The good news is that doing so is a relatively quick and straightforward process. There are also several methods you can use to debug WordPress, depending on your experience level.
In this post, we will start by discussing how debugging in WordPress works and how it can help streamline the coding experience. Then we will explain the various debugging tools and features that you can use. Let’s get started!
An introduction to debugging in WordPress
In case you’re unfamiliar, debugging is the process of identifying and resolving errors in your code. It’s an important part of any development project because it helps remove bugs that could cause major issues. Some examples of debugging include:
- Unit tests
- Pair programming
- Code reviews
Debugging in WordPress is best done before taking your project live. You should consider doing it as the final stage of the testing and review process. That way, you can ensure a positive User Experience (UX) and help improve the quality of your code.
Debugging tools and strategies aren’t strictly for developers, either. For example, you can use debugging as a site owner to learn more information about errors that arise on your website.
Let’s say your website suddenly crashes, or you’re faced with the White Screen of Death (WSoD). The issue could very likely be due to a problem with a plugin or theme. For example, a necessary update or a compatibility issue could cause it.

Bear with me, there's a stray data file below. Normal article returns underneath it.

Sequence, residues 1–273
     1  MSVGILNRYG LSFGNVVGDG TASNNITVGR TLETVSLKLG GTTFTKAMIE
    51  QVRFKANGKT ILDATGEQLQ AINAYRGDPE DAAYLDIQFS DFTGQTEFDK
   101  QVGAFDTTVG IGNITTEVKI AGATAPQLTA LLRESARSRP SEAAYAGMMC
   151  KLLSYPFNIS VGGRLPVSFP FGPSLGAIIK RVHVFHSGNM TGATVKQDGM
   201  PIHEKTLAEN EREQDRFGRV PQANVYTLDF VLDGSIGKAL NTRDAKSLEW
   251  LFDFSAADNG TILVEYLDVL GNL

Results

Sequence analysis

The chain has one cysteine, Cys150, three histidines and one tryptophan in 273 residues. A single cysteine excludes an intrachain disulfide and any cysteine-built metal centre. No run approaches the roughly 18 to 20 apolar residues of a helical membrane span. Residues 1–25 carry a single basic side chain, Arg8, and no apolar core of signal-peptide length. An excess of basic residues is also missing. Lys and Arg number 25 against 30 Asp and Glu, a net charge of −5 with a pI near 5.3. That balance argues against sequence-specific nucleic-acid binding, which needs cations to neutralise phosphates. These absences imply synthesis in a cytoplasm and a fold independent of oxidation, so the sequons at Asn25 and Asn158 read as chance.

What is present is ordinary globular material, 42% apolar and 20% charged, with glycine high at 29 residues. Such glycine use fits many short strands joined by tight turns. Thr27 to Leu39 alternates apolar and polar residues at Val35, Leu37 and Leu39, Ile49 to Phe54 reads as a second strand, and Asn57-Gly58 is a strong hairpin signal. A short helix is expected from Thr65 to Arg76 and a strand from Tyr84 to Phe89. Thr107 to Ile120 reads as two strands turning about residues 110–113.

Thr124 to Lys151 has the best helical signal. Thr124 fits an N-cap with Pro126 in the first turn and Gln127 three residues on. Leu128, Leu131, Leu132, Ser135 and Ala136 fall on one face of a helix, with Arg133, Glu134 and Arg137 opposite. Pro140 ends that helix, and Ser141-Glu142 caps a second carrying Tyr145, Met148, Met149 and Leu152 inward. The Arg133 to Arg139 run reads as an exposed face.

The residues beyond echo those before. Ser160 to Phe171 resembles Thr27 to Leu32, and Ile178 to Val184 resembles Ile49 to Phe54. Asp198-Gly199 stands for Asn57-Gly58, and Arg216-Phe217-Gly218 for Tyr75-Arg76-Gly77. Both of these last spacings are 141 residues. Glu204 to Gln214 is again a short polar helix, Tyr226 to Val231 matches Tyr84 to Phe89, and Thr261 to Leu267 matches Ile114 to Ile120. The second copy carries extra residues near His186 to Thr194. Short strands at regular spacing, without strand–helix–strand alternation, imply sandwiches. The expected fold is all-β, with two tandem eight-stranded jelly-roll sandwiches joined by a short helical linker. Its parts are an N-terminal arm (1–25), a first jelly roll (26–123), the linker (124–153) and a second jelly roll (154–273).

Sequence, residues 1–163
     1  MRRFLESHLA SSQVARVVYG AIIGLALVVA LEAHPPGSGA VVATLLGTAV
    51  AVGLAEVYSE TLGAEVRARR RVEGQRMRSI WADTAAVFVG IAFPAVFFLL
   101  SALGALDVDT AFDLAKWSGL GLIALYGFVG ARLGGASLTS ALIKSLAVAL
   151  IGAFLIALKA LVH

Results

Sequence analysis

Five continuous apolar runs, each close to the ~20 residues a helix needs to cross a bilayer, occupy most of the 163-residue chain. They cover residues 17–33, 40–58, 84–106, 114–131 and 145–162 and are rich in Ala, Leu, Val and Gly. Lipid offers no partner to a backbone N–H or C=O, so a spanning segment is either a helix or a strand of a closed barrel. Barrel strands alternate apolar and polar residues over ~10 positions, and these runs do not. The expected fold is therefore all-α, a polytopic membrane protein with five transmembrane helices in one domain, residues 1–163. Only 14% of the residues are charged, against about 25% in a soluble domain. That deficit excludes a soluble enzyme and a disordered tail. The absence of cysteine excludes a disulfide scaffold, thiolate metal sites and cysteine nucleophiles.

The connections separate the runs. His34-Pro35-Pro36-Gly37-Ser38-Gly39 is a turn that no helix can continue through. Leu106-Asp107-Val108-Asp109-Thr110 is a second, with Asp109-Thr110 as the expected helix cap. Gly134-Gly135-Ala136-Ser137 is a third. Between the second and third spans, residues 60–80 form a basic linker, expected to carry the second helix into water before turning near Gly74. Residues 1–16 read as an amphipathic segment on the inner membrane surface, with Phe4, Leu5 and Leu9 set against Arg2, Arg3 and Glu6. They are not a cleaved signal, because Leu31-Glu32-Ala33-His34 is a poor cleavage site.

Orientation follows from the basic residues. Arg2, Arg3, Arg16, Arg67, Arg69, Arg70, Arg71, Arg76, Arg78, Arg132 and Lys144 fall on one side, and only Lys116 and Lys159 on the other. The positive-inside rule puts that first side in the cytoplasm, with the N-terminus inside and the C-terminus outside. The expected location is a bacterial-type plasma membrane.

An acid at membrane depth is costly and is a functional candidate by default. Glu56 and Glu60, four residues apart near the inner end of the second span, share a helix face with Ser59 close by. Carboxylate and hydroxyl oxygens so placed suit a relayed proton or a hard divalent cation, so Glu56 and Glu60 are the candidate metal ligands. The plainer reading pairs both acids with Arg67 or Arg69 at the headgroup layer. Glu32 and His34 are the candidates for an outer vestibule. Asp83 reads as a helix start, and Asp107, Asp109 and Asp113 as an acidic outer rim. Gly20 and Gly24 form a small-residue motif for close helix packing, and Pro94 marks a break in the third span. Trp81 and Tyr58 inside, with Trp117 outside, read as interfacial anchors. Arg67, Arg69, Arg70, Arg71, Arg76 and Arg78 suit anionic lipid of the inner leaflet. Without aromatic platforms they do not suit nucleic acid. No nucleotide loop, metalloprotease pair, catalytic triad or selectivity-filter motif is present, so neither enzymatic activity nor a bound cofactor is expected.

Unfortunately, figuring out the exact source of the error isn’t always straightforward or immediately apparent. You often have to do some troubleshooting, such as deactivating all of your plugins and themes, to help narrow your focus.
This can be a tedious and time-consuming process, especially if many plugins and themes are installed on your website. Fortunately, this is where debugging comes in. Debug mode can notify you of PHP errors and warnings that occur on your site.
3 methods for debugging in WordPress
As we mentioned, there are a handful of ways that you can go about debugging in WordPress. The Content Management System (CMS) comes with a built-in debugging system.
However, there are also a variety of helpful tools and plugins you can use as well. Below are three key tips you can use for handling debugging in WordPress.
1. Activate WP_DEBUG mode manually
One of the quickest and easiest ways to debug in WordPress is to activate the built-in feature. You can do this by editing your site’s wp-config.php file. This log keeps a record of activity on your site and can help you effectively troubleshoot problems that arise.
To activate it, you can navigate to the root directory of your website. You can do this either through your hosting provider’s File Manager or by using a
This article was written by Will Morris and originally published on ManageWP.